Make Margaret Atwood fiction again. On feminist dystopias

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In the last couple of years, TV series like The Handmaid’s Tale and a wave of new bold literary fiction have brought the feminist dystopia genre to the forefront of the literary debate. In this panel discussion, two acclaimed writers discuss what this new prominence of the feminist dystopian novel has meant to them and to their work, and how this literary genre keeps reflecting the gender issues of our deeply conflicted present.

The story of now

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Literary writing works on a different time scale than the tumultuous flow of news that we live in. How can a literary story, taking months or years in the writing, try and reflect the turns and shocks of a world that seems to change radically day by day? Yet, there are novelists and storytellers who undertake the task of addressing the turmoil of real-time contemporaneity or the very recent turns of history – whether it is global anxieties, financial crashes, the rise of new demagogues, or the moral dilemmas of our times.

The fascist paradox

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Neofascist groups are popular on social media and enjoy media exposure. In Italy, they are invited to tv talk shows, have their own fashion brand, and are even allowed to patrol beaches and streets in vigilante-style groups. Despite this, their typical rhetoric claims that the “liberal media” conspire to silence them; in a striking paradox, fascist groups appeal to freedom of speech and liberal democracy in order to express their “ideas”. In this panel discussion, two leading experts discuss their work researching racist and hate groups in Italy and UK, and the latest evolutions of far-right movements.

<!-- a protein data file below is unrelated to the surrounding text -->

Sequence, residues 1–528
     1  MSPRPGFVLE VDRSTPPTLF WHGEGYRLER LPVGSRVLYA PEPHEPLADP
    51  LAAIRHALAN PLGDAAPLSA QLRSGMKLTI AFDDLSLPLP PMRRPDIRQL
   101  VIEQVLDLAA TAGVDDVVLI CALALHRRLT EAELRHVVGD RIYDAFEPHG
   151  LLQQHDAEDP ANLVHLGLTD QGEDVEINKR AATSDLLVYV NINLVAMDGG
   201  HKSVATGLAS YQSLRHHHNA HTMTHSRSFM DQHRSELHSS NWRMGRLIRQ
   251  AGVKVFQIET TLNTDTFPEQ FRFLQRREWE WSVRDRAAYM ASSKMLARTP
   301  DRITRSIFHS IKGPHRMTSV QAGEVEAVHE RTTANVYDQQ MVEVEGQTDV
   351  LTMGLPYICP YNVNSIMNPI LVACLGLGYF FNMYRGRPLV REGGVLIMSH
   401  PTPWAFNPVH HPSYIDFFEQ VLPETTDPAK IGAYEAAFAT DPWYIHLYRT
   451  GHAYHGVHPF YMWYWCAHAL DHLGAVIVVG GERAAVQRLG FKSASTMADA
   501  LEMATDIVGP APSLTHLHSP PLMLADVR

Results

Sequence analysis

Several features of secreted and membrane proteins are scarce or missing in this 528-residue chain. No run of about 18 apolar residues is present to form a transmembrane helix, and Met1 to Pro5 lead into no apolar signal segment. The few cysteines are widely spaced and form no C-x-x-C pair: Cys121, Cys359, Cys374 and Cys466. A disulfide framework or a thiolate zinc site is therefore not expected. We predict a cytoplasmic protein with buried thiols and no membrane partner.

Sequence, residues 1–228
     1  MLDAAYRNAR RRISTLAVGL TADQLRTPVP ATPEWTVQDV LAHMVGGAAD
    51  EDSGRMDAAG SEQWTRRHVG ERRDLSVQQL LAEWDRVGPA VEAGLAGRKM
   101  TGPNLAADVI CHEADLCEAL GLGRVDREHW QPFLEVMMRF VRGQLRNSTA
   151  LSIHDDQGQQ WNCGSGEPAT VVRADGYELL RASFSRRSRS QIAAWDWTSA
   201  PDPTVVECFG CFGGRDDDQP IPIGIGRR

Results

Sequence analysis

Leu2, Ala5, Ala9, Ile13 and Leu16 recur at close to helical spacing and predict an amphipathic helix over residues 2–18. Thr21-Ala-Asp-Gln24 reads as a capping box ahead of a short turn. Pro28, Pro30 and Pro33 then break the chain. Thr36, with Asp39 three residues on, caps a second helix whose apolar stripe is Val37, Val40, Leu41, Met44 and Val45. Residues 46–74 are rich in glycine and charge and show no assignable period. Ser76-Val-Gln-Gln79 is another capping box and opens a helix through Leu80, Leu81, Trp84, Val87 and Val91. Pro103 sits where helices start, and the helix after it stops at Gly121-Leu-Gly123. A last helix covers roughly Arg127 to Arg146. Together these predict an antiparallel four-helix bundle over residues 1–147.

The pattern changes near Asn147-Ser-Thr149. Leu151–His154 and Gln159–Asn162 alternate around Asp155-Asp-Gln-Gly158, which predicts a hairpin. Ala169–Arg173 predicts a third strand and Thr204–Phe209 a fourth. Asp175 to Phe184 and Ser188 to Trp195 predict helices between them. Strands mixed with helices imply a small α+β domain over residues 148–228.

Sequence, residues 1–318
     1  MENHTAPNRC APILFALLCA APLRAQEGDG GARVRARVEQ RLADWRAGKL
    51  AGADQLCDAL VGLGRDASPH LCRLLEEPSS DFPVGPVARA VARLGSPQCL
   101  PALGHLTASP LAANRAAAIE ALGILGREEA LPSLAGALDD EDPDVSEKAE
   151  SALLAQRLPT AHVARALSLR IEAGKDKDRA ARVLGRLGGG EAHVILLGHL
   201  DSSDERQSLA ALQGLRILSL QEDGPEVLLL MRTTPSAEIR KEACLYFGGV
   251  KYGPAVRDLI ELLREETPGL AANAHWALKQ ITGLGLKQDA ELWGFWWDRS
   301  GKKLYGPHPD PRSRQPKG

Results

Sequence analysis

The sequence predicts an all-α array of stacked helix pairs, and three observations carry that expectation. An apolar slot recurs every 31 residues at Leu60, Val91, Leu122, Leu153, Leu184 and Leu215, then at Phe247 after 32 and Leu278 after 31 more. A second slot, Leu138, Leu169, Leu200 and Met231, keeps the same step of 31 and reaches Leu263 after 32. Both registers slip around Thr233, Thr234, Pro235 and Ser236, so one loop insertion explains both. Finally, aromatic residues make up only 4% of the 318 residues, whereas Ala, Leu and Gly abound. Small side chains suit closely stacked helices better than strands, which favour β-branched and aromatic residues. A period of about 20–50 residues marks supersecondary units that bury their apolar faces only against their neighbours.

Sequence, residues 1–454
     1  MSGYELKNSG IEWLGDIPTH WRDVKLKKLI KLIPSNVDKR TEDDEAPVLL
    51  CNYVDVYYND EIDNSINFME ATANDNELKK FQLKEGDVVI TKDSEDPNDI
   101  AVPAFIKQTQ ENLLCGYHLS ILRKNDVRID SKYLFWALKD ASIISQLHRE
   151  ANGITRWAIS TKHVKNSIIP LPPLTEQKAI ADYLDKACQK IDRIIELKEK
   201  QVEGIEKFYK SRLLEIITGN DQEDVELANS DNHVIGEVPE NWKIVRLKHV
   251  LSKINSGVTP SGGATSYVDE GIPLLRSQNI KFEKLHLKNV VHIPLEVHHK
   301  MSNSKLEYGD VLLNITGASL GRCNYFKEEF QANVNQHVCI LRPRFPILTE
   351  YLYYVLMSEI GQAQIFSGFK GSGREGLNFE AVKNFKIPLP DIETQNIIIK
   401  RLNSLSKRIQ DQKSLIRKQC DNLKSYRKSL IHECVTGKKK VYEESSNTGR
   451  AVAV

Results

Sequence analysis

The politics of translation

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When we translate a novel or a poem, we’re also translating a country, a tradition, the society in which this text was formed. We can use translation to subvert our own ideas of what is foreign and what is domestic, but we can also use it to reinforce stereotypes and make the world smaller. A translator can be a smuggler, a secret agent or a saboteur through different languages and cultural empires, but what is the translator really accountable for in this art of conquer and loss? Is literary translation a political act at its core?

Black words, black worlds

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The inclusion and representation of black voices in the literary and cultural world is a prominent theme, in different ways, both in Italy and UK. In Italy, a country that has long struggled to come to terms with its colonial past, the voices of a new array of authors from the African diaspora have just recently started to be heard. Elsewhere in Europe and in the UK, black and ethnic minority voices have been contributing to the cultural debate for a long time now, yet their representation and inclusion seem to be still a complex issue.